South Georgia and the South Sandwich Islands


Ethnic groups Britons

The Island of South Georgia is said to have been first sighted in 1675 by Anthony de la Roché, a London merchant,[8] and was named Roche Island on a number of early maps.[citation needed] It was sighted by the commercial Spanish ship León operating out of Saint-Malo
on 28 June or 29 June 1756.[9] At one time it was confused with Pepys Island, which was "discovered" by Dampier and Cowley in 1683 but later proved to be a phantom island.[citation needed] Captain James Cook
James Cook
circumnavigated the island in 1775 and made the first landing. He claimed the territory for the Kingdom of Great Britain, and named it "the Isle of Georgia" in honour of King George III. British arrangements for the government of South Georgia were established under the 1843 British Letters Patent. In 1882–1883, a German expedition for the First International Polar Year was stationed at Royal Bay
Royal Bay
on the southeast side of the island. The scientists of this group observed the transit of Venus and recorded waves produced by the 1883 eruption of Krakatoa. Seal hunting
Seal hunting
at South Georgia began in 1786 and continued throughout the 19th century. The waters proved treacherous and a number of vessels were wrecked there, such as Earl Spencer, in late 1801.[10] 20th and 21st centuries[edit] South Georgia became a base for whaling beginning in the 20th century, until whaling ended in the 1960s. A Norwegian, Carl Anton Larsen, established the first land-based whaling station and first permanent habitation at Grytviken
in 1904. It operated through his Argentine Fishing Company, which settled in Grytviken.[11][9] The station operated until 1965. Whaling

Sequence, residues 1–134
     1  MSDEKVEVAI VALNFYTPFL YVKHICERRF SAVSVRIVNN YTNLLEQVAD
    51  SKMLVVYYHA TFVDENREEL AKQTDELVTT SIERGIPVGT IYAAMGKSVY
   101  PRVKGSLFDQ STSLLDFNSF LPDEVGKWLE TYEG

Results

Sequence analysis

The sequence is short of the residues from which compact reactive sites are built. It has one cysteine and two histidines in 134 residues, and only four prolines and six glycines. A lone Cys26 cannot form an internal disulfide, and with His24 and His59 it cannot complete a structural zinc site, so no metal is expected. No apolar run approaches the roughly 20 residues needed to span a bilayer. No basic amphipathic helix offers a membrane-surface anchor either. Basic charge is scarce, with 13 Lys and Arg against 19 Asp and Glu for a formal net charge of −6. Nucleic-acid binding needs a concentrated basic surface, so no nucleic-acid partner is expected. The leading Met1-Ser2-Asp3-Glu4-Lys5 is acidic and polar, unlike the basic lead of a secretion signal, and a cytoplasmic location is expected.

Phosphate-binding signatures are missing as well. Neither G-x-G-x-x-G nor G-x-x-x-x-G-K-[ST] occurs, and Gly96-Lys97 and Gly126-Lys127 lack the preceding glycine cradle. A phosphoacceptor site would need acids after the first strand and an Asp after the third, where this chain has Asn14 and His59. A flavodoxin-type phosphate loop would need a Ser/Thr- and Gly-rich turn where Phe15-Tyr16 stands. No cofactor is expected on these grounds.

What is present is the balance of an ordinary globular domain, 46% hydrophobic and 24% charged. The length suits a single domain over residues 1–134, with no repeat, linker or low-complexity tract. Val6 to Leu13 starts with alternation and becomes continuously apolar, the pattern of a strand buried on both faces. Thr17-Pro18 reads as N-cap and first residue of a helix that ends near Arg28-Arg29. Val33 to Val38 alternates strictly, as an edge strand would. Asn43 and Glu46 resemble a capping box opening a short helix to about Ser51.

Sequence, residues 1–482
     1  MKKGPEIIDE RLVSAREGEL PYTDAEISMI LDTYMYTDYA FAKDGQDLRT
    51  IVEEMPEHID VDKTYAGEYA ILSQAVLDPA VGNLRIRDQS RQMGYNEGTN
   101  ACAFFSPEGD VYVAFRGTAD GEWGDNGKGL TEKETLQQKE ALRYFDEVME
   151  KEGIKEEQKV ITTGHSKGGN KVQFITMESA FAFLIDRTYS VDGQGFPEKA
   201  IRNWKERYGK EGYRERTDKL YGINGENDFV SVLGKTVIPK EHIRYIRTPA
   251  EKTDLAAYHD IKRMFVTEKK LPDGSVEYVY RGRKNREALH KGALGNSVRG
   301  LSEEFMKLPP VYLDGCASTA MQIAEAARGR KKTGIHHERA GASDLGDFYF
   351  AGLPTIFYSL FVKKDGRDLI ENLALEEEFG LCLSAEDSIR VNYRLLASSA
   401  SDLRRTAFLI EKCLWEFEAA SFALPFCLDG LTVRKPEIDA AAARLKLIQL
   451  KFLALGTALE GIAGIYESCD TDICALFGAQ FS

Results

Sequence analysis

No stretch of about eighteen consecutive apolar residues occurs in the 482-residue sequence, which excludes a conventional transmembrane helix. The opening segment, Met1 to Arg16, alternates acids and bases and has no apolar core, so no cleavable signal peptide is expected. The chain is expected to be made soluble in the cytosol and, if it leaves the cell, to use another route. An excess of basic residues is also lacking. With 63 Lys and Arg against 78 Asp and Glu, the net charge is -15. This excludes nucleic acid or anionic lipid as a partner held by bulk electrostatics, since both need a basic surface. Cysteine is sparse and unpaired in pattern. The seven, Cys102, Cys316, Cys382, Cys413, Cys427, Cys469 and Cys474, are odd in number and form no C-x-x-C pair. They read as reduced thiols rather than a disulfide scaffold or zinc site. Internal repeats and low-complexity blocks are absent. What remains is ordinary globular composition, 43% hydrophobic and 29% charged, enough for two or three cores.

stations operated under leases granted by the (British) Governor of the Falkland Islands. The seven stations, all on the north coast with its sheltered harbours, were, from the west to east:

Prince Olav Harbour
Prince Olav Harbour
(from 1911–1916 factory ship and small land-based station 1917–1931) Leith Harbour
Leith Harbour
(1909–1965) Stromness (from 1907 factory ship, land-based station 1913–1931, repair yard to 1960/1961) Husvik
(from 1907 factory ship, land-based station 1910–1960, not in operation 1930–1945) Grytviken
(1904–1964) Godthul
(1908–1929, only a rudimentary land base, main operations on factory ship) Ocean Harbour
Ocean Harbour

The whaling stations' tryworks were unpleasant and dangerous places to work. One was called "a charnel house boiling wholesale in vaseline" by an early 20th-century visitor. Tim Flannery
Tim Flannery
wrote that its "putrid vapors [resembled] the pong of bad fish, manure, and a tanning works mixed together", and noted one bizarre peril: "A rotting whale could fill with gas to bursting, ejecting a fetus the size of a motor vehicle with sufficient force to kill a man."[12] With the end of the whaling industry, the stations were abandoned. Apart from a few preserved buildings such as the museum and church at Grytviken, only their decaying remains survive.